Friday, 29 October 2010
North east band The Longsands is following in the footsteps of Geordie legends Tim Healy, Jimmy Nail and Kevin Whately by recording their own version of the Blaydon Races in aid of the Sir Bobby Robson Foundation.
The popular five piece band from Cramlington will be performing the famous Geordie anthem on the pitch immediately before Sunday’s big derby game and they may already sound familiar to many Newcastle United fans.
Songwriter and guitarist, Ian Barnes, says: “We’re all big Newcastle fans and a while ago were given the opportunity to record our version of the Blaydon Races which is played before the team comes out on a match day.
“We’ve always been really proud hearing The Longsands’ version of the song booming out at St James’ Park and our fans have regularly asked if we would release it as a single.
“The Auf Wiedersehen Pet lads recorded the song for the Sir Bobby Robson Foundation’s A Knight to Remember dvd which was launched this time last year and we all agreed we’d like to do something to help raise money for this great cause too.
“It’s a fantastic north east charity and even though St James’ Park will be divided into black and white and red and white on Sunday we can all agree on the importance of funding research into cancer which will help local people.”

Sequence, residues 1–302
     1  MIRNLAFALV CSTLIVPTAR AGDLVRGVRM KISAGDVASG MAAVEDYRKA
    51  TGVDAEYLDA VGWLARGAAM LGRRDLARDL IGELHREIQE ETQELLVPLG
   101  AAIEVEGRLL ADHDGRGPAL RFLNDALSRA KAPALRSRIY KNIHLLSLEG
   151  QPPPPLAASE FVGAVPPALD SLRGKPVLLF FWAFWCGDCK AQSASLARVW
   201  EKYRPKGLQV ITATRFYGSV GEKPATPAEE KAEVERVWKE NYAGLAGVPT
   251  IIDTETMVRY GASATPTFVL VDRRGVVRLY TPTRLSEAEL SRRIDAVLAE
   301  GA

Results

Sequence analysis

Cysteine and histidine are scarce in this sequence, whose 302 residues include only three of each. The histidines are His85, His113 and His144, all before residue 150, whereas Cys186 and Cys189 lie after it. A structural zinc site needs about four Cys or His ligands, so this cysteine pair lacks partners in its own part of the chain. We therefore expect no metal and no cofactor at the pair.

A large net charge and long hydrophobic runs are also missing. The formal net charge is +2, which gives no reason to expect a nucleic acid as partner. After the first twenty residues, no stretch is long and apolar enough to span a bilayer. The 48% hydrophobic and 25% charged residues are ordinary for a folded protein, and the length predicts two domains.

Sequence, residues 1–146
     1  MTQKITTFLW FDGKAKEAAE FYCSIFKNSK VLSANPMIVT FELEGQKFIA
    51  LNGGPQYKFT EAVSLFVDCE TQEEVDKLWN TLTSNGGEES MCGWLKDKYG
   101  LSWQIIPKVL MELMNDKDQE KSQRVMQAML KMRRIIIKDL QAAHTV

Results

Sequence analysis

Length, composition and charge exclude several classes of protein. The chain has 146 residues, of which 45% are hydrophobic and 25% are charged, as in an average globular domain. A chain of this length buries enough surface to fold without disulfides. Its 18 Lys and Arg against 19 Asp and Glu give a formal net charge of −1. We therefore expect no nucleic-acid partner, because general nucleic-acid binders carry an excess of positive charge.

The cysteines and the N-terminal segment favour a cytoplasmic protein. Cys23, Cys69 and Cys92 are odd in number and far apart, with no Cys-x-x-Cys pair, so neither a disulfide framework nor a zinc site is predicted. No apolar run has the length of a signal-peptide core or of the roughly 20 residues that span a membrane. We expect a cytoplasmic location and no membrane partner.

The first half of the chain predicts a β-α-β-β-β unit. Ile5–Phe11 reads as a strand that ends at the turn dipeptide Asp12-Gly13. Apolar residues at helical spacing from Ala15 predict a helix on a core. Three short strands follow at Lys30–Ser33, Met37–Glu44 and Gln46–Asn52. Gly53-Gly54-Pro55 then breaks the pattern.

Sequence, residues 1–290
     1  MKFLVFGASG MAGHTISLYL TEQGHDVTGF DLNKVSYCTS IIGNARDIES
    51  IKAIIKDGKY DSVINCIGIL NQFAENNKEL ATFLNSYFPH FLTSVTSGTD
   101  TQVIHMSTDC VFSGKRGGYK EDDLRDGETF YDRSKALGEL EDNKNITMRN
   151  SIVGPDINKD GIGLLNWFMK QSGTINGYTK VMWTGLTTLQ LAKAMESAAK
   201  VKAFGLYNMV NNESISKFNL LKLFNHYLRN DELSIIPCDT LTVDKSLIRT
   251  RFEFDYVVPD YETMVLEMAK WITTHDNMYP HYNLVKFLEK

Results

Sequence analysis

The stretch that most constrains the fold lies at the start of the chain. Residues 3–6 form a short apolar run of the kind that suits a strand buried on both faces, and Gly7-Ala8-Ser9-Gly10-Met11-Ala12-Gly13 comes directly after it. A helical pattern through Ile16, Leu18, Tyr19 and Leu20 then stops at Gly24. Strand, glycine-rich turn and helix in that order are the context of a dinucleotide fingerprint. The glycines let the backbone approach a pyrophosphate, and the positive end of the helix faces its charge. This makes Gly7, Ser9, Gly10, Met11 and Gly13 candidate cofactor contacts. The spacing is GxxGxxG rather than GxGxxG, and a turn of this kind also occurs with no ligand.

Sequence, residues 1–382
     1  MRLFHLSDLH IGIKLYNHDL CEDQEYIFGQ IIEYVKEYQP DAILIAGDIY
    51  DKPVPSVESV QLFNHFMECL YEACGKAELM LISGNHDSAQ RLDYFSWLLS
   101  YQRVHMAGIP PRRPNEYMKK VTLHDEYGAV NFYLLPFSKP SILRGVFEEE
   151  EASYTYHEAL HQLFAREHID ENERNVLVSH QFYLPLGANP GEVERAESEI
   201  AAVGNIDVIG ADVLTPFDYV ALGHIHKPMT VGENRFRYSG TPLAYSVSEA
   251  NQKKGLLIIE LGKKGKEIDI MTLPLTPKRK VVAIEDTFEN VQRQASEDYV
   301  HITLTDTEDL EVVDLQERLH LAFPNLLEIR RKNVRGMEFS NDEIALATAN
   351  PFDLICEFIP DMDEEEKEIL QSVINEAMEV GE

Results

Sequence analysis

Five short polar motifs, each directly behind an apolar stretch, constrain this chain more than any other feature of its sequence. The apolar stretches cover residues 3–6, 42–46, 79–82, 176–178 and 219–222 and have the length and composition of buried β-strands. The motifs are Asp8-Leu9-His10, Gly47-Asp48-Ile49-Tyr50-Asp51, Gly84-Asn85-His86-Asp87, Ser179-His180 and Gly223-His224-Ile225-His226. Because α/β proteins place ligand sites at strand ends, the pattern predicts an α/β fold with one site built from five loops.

The Sir Bobby Robson Foundation was launched by Sir Bobby in March 2008 and has gone on to raise more than £2.5 million to fight cancer within the region. Its main focus is funding research into more effective cancer treatments and the clinical trials of new cancer drugs.
Bill Corcoran, a local culture and heritage enthusiast, believes the Blaydon Races is much more than just a traditional folk song and is as relevant today as the day it was written.
Bill says: “The Blaydon Races is not just a folk song written in 1862, it’s a living regional anthem, sung on football terraces and overfull bars as well as on concert stages. It’s a happy song sung by confident and enthusiastic people sure of their identity and proud of their home.
“One of the reasons why Tyneside is so special is the unity of its people. Black or white, especially black and white, rich or poor, home or away, the Geordie people have a special spirit characterised by courage and humour which is renowned in the world.
“In a time of globalised homogeneity such regional pride that does not seek to decry others is rare and precious. The song’s lyrics show that, even in 1862, everyone was included in our community – from ‘Coffee Johnny’ to ‘Paddy Fagan’ – and it even highlights ‘the lads and lasses there, all with smiling faces’ enjoying the usual Tyneside party spirit.
“The Toon Army belting out our song about our wonderful city and region shows that wherever we are in the world, we wouldn’t want to be anyone else and especially be from anywhere else. It means celebration in victory or defiance in defeat. It is the most perfect terrace anthem for a proud people and it will be sung for generations yet.”
The Longsands’ Blaydon Races is available from www.thelongsands.co.uk from Sunday and is available to pre-order now The Longsands. The special charity download will include two different versions of the Blaydon Races and also feature a track called Bully from the band’s debut album Meet Me In Spanish City.